I have a bunch of HP DL 360 and DL 380 servers that I run OpenBSD on as gateways. This is how to monitor their RAID drive status and temperature status…

What you need to do is enable the IPMI driver.

If you read the man page, the IPMI driver provides an API like interface to the hardware it is running on.

This means you can query sysctl to get data like this:

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$ sysctl hw.sensors
hw.sensors.acpitz0.temp0=8.35 degC (zone temperature)
hw.sensors.ciss0.drive0=online (sd0), OK

If you then yank one of a mirror set you get:

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$ sysctl hw.sensors.ciss0.drive0
hw.sensors.ciss0.drive0=degraded (sd0), WARNING

If you then put a new drive back into the mirror set you get:

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$ sysctl hw.sensors.ciss0.drive0
hw.sensors.ciss0.drive0=rebuilding (sd0), WARNING

Once the system has rebuilt, you get:

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$ sysctl hw.sensors.ciss0.drive0
hw.sensors.ciss0.drive0=online (sd0), OK

Which is very useful and basic data needed for monitoring systems like Nagios.

There is a catch though, the IPMI driver is not enabled by default in OpenBSD GENERIC (at least at 4.4). To enable it, you have two options.

At boot time, you can enable it by doing:

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>> OpenBSD BOOT 640/31744 k [1.29]
use ? for file list, or carriage return for defaults
use hd(1,a)/bsd to boot sd0 when sd0 is also installed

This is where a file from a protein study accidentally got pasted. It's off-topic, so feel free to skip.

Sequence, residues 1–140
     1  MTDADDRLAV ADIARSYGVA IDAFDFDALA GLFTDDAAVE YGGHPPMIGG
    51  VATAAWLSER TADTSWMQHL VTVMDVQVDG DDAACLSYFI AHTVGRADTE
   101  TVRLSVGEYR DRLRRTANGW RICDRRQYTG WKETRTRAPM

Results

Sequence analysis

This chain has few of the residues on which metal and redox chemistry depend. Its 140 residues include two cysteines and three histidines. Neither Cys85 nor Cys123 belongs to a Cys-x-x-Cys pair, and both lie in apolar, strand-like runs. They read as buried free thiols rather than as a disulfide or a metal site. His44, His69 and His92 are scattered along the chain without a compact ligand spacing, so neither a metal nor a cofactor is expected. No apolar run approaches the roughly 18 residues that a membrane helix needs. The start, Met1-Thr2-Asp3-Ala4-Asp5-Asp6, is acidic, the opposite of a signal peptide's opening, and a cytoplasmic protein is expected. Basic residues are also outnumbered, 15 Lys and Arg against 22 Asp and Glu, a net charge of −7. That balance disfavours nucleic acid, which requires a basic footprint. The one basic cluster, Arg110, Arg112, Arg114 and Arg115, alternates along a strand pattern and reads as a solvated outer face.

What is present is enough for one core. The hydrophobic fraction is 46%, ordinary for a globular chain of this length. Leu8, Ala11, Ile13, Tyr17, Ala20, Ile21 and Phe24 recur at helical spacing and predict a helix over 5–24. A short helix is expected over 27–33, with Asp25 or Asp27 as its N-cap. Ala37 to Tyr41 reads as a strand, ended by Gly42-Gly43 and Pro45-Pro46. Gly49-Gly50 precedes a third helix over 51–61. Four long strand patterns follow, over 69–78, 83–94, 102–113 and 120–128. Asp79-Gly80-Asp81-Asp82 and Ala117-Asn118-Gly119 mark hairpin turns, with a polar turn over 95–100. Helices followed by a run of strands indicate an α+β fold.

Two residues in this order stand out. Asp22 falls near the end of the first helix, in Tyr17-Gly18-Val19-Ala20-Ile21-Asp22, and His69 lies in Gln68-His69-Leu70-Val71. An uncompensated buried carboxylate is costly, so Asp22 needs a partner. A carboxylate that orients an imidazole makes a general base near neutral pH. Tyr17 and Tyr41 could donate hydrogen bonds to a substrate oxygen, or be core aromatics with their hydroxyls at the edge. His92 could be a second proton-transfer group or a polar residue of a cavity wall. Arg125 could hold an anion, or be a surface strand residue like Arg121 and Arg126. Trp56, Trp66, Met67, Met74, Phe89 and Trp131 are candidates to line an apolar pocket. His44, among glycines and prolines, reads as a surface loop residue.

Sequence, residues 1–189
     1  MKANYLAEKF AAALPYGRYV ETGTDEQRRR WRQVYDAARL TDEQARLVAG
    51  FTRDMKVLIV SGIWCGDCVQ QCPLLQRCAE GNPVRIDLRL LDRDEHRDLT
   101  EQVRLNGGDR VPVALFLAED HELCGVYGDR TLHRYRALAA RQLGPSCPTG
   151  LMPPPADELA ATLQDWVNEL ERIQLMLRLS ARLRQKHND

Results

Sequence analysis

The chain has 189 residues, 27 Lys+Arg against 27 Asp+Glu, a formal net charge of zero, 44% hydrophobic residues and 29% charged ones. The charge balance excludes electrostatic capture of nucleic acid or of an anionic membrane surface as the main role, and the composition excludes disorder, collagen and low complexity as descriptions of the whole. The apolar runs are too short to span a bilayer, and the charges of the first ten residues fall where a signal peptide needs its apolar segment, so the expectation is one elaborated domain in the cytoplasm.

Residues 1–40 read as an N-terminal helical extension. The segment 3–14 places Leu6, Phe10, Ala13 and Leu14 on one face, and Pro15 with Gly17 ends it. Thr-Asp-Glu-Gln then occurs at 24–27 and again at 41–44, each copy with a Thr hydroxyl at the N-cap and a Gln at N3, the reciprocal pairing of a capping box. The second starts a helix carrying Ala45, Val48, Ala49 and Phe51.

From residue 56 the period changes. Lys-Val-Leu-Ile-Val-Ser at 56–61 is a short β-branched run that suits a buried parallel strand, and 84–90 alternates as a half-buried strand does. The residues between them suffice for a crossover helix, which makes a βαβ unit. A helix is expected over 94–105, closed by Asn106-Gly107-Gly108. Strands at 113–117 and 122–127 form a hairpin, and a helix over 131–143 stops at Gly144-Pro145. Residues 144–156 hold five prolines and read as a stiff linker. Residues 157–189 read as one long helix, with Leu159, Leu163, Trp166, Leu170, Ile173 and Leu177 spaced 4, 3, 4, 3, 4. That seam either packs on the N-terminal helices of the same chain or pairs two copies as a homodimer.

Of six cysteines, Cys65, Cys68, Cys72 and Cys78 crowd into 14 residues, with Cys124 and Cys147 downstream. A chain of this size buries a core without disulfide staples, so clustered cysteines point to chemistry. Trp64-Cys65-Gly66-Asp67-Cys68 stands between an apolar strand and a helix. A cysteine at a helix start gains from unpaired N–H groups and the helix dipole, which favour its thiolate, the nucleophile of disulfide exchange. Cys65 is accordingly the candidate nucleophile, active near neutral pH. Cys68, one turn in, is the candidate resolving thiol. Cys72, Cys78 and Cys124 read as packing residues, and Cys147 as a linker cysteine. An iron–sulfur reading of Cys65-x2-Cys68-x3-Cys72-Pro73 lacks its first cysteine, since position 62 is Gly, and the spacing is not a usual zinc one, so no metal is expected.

Boot: -c
Booting...
=======snip=======
User Kernel Config
UKC> enable ipmi
441 ipmi0 enabled
UKC> quit

This will then boot normally and if everything worked, you’ll have an operational system that you can type the above commands in to query the status of your RAID set.

If it won’t start, then reboot without doing anything and it will go back to the way it was before, then contact openbsd misc with a copy of your dmesg.

If it all worked, you’ll probably want to enable this feature permanently, to do this, use the config(8) utility like so:

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# config -u -o /bsd.new -e /bsd
(tells you about the kernel)
Enter 'help' for information
ukc> enable ipmi
441 ipmi0 enabled
ukc> quit

This then will produce an output file /bsd.new which is your new kernel.

To install the new kernel, do something like this:


# cp /bsd /bsd-original && cp -f /bsd.new /bsd

And then you can reboot to an IPMI enabled system.

Enjoy.